When the UFC was bought by new owners in 2001, they hired Bennett as part of their broadcasting team, hoping to improve the professional quality of their production. Bennett's first event as part of the UFC broadcasting team was UFC 33 -Victory in Vegas on September 28, 2001, which was considered to be a crucially important event for the UFC's new owners, being both their first event in the "fighting state" of Nevada (where mixed martial arts had only recently achieved formal recognition and licensing by the state athletic commission), and their first event back on mass-market pay-per-view. Bennett was retained as part of the UFC broadcasting team, primarily as a post-fight interviewer, until UFC 40 - Vendetta on November 22, 2002.
Bennett was famed within the mixed martial arts community both for his broadcasting skills and knowledge of the sport, and was often employed as part of the play-by-play team at high-profile mixed martial arts events. He worked with Strikeforce, K-1, Rumble on the Rock, World Extreme Cage Fighting and the International Fighting Championships (|IFC) in this capacity. He is considered a pioneer in the sport and the popularity of MMA has grown considerably due to his unrelenting efforts.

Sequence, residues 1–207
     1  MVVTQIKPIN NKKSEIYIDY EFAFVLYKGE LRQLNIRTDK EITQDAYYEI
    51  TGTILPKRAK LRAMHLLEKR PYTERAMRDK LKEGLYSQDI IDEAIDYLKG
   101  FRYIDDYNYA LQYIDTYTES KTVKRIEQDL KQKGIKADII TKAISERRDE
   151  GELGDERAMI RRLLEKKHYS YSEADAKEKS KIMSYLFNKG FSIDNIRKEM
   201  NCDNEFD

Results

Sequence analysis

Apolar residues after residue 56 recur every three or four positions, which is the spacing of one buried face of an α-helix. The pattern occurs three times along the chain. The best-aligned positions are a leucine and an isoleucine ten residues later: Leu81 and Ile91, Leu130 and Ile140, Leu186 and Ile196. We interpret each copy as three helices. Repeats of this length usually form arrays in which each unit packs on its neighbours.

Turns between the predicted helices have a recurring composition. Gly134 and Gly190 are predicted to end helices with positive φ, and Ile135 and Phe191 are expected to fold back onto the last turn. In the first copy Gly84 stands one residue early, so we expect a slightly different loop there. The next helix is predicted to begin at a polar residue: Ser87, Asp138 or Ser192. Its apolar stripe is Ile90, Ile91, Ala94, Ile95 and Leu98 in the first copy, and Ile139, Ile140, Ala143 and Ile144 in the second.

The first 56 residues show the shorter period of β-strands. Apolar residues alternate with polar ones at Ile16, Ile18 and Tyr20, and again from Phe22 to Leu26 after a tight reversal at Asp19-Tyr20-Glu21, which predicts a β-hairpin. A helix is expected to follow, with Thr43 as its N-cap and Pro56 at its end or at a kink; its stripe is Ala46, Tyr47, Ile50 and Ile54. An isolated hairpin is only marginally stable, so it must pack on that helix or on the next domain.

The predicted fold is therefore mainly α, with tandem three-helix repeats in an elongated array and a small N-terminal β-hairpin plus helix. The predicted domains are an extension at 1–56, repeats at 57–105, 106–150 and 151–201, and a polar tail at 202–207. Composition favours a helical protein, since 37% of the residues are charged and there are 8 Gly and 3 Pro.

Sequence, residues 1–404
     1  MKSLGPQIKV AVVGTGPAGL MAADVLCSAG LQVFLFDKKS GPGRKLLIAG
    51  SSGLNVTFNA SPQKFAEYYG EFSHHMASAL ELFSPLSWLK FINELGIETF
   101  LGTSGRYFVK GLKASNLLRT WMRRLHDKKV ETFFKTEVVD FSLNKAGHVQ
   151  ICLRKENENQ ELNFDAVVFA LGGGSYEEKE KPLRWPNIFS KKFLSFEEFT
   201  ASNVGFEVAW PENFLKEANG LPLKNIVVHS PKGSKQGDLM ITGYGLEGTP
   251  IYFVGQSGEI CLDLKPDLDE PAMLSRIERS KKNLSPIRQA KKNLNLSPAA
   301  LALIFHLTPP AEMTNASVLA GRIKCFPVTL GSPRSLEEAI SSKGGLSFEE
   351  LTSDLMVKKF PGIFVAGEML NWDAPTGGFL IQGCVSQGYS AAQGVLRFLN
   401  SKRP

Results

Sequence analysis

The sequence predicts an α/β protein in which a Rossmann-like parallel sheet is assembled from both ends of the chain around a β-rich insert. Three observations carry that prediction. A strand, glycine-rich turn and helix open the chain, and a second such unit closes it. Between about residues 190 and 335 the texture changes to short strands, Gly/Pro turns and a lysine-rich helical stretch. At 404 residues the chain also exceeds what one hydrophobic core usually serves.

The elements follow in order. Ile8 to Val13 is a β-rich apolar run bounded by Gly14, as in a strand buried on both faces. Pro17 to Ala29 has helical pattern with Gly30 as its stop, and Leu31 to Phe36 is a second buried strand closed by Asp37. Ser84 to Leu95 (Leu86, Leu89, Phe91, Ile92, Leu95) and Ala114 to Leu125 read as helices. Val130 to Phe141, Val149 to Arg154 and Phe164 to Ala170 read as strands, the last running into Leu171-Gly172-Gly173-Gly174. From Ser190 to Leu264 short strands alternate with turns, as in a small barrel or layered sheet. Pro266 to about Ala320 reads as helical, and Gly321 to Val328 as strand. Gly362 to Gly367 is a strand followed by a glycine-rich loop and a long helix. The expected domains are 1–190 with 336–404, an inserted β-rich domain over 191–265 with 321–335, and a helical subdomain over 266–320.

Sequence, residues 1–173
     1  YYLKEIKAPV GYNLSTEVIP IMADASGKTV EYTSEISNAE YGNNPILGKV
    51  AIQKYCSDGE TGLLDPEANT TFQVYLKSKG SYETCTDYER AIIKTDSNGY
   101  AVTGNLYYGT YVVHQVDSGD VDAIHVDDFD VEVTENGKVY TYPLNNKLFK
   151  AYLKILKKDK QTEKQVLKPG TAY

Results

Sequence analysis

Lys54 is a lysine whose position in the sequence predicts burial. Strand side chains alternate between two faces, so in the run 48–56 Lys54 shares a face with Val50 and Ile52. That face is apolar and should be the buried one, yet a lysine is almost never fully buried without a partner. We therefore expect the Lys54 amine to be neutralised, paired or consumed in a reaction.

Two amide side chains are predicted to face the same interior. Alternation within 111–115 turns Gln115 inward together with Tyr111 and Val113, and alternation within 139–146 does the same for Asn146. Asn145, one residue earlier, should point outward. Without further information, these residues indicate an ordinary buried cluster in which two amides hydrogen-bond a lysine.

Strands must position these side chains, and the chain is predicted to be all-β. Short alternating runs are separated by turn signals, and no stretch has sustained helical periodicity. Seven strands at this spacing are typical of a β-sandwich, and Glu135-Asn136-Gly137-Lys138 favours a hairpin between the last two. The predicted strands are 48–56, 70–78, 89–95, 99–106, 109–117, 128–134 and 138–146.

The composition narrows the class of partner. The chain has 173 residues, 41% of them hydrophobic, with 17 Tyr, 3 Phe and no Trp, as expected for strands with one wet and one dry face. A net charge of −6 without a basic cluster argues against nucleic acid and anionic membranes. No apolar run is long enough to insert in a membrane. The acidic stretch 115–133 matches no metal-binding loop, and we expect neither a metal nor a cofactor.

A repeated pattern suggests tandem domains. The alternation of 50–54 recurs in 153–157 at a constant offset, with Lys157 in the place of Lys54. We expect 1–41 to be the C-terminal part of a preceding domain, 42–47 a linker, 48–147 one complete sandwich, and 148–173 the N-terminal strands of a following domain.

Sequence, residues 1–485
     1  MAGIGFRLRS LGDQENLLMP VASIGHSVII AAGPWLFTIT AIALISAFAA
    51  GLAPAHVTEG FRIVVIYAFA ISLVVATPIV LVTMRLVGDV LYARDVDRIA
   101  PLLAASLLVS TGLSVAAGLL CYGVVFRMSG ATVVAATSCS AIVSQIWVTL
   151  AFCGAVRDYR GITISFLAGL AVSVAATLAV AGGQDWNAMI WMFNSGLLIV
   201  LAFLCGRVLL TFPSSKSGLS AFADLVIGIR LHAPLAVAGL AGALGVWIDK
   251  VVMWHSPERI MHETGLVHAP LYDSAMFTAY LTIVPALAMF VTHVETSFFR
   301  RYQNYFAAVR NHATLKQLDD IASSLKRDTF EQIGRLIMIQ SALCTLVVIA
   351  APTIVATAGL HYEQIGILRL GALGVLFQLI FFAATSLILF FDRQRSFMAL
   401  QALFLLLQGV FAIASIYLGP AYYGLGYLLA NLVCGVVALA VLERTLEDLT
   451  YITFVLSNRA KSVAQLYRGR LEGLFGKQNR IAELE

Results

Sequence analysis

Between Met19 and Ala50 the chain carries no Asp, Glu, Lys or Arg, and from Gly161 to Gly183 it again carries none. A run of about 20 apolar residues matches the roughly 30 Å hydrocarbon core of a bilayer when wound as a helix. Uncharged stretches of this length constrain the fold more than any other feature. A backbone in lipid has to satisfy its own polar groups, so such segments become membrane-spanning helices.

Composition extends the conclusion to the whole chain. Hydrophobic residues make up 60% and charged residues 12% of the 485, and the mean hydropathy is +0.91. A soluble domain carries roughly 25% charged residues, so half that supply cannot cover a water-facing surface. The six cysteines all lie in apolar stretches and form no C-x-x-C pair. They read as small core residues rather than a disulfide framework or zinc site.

Bennett was the first person to launch a daily radio show, devoted exclusively to the sport of Mixed Martial Arts, becoming a pioneer in the industry. Bennett was able to scoop many other media outlets in regards to the latest sports headlines. The daily show had an avid following, and had a worldwide audience. With fellow partner, Scott Peterson, covering the sport in Japan, MMAweekly.com was the first to attract a worldwide following. Frequently callers from Canada, the United Kingdom, and Japan were active participants on the show.